When President Obama suddenly lifted some sanctions against Cuba last year, many were wondering if this was a political move, or one of the inevitability of a boycott that had lasted far beyond its intended purpose. And with the U.S. relaxing flights into Cuba by citizens, and conducting their first corporate agreement in 50 years via a new factory to be built on Cuban soil, this sphere of reasons may be expanded to include foreign policy much more than the ideology of a war against Communism.
This is because there is more at stake in Cuba than just friendlier relations between Washington and Havana. In a new interview on Feb. 14, Dr. Jim Willie reported that both Russia and China are working right now behind the scenes to expand free trade and the building of new infrastructure, with two of the goals being the development of their offshore oil resources, and a warm water port in the South Atlantic.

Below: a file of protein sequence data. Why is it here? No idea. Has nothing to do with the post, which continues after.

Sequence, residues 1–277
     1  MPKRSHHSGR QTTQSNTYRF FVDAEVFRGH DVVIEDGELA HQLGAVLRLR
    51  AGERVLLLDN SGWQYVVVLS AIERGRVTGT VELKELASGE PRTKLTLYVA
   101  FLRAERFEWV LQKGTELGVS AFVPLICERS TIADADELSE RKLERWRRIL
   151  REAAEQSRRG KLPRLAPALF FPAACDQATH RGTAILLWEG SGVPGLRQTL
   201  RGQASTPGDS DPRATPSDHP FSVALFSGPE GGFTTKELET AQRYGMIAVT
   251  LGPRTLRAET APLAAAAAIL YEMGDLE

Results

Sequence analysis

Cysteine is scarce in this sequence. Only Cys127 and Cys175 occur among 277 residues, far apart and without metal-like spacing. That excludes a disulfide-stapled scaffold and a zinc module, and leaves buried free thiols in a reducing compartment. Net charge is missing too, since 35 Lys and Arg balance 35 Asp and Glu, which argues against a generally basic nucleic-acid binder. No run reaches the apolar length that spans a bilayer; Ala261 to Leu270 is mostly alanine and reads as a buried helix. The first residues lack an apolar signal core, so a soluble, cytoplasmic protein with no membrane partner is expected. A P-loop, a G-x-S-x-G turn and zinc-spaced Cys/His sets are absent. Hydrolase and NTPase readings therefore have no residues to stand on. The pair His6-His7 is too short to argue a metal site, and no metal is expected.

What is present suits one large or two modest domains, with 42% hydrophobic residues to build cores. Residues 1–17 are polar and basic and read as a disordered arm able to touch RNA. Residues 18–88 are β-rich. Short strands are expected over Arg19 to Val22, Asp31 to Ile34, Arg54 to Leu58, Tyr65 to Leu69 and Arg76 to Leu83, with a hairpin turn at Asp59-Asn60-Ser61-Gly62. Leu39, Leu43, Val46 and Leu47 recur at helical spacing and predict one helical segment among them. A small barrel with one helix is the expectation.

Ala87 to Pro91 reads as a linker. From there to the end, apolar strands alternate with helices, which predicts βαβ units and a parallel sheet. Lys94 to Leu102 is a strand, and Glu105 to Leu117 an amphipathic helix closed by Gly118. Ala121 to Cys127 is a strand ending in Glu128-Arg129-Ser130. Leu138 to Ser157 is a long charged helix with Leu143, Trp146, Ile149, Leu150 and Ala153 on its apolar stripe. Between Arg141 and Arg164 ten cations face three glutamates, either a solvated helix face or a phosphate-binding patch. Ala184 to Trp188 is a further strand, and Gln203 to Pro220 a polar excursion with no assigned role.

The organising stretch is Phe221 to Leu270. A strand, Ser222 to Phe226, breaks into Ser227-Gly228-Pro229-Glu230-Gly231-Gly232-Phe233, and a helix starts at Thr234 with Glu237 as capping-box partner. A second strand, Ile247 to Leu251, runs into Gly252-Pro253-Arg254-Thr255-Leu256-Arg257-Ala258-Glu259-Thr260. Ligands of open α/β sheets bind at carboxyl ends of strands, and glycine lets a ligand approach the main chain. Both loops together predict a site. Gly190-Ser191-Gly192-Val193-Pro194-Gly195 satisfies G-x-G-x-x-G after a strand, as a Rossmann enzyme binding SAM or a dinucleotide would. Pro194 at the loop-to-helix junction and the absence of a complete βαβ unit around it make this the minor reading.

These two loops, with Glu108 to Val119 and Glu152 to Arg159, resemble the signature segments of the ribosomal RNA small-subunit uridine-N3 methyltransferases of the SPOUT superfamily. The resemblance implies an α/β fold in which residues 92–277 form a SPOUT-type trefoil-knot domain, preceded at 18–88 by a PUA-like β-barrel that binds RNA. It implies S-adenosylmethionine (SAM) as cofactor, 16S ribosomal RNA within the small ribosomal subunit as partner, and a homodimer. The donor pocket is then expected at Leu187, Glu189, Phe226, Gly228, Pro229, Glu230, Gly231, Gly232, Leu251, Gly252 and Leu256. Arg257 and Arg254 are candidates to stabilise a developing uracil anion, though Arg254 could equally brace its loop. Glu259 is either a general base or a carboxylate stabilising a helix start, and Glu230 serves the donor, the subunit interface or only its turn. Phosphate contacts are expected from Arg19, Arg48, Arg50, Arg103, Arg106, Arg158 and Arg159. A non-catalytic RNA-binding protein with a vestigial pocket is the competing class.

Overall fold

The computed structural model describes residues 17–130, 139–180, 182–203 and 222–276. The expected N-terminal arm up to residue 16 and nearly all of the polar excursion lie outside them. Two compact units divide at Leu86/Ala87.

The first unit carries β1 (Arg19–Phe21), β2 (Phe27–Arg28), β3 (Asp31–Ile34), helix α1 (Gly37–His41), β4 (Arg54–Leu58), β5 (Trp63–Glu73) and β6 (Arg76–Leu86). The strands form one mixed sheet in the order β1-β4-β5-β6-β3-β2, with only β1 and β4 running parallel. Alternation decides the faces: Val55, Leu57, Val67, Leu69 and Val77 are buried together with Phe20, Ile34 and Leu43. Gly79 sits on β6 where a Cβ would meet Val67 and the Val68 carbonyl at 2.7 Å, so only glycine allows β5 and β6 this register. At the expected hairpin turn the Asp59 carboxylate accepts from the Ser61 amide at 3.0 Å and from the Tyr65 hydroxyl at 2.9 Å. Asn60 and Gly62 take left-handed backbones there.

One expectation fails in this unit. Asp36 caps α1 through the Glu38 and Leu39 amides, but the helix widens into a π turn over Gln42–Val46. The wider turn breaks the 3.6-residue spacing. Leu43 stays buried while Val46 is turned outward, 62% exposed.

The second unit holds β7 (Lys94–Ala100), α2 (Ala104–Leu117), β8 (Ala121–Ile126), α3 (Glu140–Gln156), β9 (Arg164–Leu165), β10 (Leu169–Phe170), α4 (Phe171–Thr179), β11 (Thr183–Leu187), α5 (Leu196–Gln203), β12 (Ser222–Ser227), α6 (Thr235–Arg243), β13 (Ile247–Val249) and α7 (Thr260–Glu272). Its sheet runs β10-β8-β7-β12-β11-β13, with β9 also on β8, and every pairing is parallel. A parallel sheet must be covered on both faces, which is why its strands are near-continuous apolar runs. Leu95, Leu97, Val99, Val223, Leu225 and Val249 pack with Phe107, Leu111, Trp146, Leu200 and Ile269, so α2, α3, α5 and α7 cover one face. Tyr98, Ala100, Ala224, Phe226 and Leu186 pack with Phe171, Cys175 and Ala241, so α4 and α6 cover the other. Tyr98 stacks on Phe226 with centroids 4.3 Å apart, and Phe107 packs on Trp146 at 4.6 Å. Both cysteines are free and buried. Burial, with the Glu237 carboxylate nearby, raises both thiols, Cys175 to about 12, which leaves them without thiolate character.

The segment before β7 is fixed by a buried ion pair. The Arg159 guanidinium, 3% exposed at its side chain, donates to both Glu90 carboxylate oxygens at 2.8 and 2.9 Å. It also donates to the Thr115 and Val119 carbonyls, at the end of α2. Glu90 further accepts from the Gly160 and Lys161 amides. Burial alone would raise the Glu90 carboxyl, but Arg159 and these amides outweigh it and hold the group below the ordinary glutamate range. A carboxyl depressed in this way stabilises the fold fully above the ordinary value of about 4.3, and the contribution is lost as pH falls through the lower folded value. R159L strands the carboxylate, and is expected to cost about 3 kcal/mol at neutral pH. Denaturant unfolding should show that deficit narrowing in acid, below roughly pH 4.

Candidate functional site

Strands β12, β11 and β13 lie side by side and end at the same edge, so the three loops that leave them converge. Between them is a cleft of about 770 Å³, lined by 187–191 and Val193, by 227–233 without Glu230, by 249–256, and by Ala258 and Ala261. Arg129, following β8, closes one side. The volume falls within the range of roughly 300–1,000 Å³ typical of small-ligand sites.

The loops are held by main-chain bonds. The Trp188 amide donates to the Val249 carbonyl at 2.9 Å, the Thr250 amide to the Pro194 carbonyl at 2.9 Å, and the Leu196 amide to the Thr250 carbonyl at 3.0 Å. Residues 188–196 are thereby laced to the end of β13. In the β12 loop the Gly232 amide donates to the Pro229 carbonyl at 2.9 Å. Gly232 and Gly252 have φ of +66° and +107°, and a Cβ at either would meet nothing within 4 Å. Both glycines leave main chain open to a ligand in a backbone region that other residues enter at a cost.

Fast forward to the 1:24:00 mark
It is one thing in the 1960’s to dust off the Monroe Doctrine and declare Cuban waters a protectorate from Soviet incursion during a Cold War that had nuclear implications, but it is something else to try to do the same when on the surface the issues are now over trade rights and corporate agreements. Thus the United States appears today to be acting in the sphere of a salesman, who is trying to offer Cuba massive concessions to entice the island economy to choose them (a former enemy) over Russia (its former ally) for the future of the country.
It is amazing how ever since Russia and China began energy agreements in 2013 that the entire world is racing headlong towards a new paradigm of re-organization when it comes to trade and commerce. And since the U.S. is behind the power curve through its offshoring of manufacturing and its aggressive stances towards any nation that threatens its hegemony, when the dust finally settles America may find itself isolated to the point where even their new TPP and TTIP trade pacts are worth less than the paper they are written upon.